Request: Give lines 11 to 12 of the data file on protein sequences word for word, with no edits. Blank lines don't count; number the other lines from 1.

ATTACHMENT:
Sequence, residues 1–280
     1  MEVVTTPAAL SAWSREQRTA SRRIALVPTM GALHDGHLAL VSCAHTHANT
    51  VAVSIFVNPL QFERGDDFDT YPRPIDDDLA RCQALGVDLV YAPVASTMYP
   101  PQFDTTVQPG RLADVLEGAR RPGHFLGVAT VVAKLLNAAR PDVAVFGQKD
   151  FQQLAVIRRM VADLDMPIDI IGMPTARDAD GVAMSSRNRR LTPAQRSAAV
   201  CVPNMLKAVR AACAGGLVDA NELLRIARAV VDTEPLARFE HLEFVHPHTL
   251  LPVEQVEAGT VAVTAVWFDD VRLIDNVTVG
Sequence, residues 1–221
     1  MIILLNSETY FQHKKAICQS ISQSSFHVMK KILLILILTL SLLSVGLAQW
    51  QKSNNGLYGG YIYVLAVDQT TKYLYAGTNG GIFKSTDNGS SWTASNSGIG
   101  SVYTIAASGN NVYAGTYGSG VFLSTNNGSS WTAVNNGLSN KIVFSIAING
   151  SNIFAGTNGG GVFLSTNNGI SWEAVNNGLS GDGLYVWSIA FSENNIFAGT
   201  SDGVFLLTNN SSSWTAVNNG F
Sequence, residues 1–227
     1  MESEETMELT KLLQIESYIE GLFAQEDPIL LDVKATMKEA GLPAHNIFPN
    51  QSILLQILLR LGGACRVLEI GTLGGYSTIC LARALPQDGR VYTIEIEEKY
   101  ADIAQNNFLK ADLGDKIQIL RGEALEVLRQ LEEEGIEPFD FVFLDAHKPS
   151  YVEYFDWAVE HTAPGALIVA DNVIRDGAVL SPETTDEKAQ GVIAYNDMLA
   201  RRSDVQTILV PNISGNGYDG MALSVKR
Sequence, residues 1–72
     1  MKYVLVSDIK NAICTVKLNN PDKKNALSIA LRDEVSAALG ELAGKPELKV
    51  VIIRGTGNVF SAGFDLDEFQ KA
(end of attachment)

   101  SVYTIAASGN NVYAGTYGSG VFLSTNNGSS WTAVNNGLSN KIVFSIAING
   151  SNIFAGTNGG GVFLSTNNGI SWEAVNNGLS GDGLYVWSIA FSENNIFAGT